Lots of companies in our business are hoping for a miracle — but there are no miracles on the horizon. We spent vast sums of money on building a nationwide network and ended up $1.4 billion in debt. There was no way we were going to pay off that debt. So we bit the bullet early and made a deal with our bondholders in the form of a prenegotiated bankruptcy.

Nobody wants to be associated with that awful word. But there’s no way around it: You’ve got to tackle the big problems first. We paid the piper and got the bankruptcy done — and thank God we did, because this year’s environment is even worse than last year’s.

Meanwhile, even before I arrived at Covad, I asked each of the senior executives to send me a list of the top 10 issues facing the organization. It turns out that there was no consensus on the 10 biggest problems. So I consolidated the lists, came up with 10 strategic imperatives, and started working through them. And we worked fast. We fired the CFO during my first week and started from scratch with the finance department.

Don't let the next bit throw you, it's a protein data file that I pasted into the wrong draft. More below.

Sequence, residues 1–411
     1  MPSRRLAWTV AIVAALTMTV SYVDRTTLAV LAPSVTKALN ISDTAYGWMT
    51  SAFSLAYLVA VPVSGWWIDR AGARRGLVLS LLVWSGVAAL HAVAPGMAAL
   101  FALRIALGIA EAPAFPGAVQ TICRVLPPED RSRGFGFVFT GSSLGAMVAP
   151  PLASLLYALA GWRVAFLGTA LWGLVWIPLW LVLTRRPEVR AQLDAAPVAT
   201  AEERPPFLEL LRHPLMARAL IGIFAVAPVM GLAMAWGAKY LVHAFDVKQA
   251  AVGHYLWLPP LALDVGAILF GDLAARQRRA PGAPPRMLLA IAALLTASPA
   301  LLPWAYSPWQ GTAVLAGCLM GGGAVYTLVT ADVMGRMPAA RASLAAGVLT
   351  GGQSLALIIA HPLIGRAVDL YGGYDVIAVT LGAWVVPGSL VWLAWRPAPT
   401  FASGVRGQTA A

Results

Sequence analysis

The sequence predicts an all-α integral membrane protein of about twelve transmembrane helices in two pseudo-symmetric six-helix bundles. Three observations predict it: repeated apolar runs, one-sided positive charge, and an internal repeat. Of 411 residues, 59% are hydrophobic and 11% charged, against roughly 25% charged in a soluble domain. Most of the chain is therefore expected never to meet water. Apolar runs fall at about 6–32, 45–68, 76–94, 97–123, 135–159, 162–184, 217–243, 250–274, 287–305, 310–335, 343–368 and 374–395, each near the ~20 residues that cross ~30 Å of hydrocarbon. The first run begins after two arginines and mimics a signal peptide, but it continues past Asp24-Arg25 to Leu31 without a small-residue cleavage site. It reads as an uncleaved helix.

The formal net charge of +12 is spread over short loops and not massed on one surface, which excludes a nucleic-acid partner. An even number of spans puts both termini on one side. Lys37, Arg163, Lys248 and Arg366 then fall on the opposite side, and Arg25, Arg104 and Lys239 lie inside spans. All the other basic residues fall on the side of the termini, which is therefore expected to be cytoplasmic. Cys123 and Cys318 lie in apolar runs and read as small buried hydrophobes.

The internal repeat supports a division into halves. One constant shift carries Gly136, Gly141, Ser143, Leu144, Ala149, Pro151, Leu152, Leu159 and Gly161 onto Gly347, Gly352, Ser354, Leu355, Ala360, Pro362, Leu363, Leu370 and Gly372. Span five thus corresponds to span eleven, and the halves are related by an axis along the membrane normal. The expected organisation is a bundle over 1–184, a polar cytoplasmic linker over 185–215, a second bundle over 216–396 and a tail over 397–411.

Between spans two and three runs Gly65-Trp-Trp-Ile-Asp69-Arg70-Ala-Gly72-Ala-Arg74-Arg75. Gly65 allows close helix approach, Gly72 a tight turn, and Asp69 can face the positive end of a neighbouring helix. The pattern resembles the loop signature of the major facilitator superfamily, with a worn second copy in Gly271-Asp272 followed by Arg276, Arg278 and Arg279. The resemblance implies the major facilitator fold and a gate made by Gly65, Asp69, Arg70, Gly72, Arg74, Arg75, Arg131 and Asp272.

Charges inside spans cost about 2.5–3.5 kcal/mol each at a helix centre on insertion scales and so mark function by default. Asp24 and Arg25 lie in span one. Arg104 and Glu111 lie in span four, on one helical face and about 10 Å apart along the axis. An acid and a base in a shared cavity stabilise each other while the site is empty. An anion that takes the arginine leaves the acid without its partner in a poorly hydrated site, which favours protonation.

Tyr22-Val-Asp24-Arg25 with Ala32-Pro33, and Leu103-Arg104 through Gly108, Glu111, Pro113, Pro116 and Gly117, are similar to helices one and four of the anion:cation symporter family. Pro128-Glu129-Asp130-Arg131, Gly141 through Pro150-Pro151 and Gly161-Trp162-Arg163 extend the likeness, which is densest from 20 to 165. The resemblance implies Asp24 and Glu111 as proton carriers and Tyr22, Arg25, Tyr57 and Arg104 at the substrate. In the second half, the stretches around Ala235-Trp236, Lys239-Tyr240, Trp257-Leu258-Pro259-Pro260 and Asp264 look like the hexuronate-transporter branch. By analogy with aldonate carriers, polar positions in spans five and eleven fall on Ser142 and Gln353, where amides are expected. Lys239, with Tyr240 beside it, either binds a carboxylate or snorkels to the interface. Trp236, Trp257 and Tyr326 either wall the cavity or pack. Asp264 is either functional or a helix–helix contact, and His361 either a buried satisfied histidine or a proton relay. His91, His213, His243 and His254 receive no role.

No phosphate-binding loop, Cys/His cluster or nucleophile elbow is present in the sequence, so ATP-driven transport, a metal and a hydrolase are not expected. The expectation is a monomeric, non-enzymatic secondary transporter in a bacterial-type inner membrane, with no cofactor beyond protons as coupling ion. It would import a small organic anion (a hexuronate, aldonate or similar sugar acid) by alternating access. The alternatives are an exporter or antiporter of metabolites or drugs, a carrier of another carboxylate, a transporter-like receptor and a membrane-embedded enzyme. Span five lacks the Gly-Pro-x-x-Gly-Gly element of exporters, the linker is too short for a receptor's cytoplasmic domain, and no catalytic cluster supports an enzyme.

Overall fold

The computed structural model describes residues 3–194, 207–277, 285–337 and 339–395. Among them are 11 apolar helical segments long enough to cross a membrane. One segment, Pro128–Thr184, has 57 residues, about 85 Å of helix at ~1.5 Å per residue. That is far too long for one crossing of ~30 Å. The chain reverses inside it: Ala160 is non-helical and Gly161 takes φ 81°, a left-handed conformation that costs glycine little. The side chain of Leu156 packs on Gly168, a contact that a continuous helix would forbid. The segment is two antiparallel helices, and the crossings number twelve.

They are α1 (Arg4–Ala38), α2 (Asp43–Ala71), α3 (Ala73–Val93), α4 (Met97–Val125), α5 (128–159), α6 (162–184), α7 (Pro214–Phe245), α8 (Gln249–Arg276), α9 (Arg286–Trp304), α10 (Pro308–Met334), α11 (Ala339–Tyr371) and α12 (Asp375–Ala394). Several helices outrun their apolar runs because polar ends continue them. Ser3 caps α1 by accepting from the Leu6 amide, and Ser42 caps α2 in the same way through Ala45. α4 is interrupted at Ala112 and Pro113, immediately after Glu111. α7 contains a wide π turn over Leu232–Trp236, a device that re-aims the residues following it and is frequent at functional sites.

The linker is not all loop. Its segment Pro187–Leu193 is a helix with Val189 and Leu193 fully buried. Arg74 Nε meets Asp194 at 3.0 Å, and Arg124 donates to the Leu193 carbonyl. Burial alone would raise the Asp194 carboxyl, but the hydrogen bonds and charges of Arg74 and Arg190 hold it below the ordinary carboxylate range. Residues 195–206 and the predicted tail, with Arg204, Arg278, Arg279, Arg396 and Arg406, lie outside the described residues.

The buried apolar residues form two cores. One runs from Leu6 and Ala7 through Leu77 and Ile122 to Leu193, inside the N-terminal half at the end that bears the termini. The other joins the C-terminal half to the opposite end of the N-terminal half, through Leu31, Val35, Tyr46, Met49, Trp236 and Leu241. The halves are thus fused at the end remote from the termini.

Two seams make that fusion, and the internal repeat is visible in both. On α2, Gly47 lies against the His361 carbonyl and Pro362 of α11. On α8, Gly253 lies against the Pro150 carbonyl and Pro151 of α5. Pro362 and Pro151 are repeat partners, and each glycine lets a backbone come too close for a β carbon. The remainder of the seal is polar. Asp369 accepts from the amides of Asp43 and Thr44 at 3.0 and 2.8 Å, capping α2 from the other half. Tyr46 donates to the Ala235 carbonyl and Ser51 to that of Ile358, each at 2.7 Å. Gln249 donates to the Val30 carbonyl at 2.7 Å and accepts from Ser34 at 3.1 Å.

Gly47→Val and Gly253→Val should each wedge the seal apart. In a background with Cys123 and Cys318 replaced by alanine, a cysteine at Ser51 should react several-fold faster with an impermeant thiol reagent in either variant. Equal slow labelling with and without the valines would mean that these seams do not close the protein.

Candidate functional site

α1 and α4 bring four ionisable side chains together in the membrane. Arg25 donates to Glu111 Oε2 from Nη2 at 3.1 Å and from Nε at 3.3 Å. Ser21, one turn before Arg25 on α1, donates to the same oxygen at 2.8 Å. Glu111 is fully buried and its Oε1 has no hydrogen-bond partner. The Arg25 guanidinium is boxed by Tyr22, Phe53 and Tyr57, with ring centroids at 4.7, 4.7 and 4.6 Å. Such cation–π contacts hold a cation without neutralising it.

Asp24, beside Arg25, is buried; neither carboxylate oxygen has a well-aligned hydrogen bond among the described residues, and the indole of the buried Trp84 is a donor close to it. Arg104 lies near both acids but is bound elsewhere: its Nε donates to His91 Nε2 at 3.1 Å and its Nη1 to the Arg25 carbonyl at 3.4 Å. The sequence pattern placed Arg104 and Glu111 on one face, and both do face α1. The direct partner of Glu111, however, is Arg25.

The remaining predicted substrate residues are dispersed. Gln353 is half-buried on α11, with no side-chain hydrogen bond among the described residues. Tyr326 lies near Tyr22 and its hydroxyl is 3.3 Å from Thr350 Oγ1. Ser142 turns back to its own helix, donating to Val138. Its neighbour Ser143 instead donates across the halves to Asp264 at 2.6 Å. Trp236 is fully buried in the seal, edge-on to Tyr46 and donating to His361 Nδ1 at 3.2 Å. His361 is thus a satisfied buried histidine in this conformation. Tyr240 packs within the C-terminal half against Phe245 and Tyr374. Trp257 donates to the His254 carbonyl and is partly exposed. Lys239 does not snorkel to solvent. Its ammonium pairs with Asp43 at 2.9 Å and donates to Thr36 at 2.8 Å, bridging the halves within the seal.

We also had to persuade people at all levels of the organization to stop worrying about the stock price and start worrying about the basics of the business. If we got the basics right, the stock might come back. So we created a performance scorecard that focused on the fundamentals: speed of installation of new lines, how quickly we answer the phone in our call centers, and the rate of churn among customers. My message is simple: As tough as the problems in this industry are, if we work on the right things, we’ll end up with the right results.

CHARLES HOFFMAN(CHARLESH@COVAD.COM) JOINED COVAD, THE NATION'S LARGET INDEPENDENT DSL SUPPLIER, IN 2002. HIS CAREER IN TELECOMMUNICATIONS SPANS MORE THAN 25 YEARS.